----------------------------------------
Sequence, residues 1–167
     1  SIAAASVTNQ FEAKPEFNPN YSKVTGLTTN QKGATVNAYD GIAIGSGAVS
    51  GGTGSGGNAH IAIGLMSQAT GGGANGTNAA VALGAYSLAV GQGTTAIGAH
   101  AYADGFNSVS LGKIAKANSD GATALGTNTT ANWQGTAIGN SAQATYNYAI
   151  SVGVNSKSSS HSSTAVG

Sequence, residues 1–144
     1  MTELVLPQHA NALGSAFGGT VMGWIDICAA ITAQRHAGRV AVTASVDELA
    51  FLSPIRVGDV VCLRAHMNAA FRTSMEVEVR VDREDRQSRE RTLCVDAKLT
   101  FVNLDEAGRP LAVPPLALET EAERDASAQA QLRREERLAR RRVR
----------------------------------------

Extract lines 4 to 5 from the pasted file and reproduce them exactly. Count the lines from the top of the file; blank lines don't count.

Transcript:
   101  AYADGFNSVS LGKIAKANSD GATALGTNTT ANWQGTAIGN SAQATYNYAI
   151  SVGVNSKSSS HSSTAVG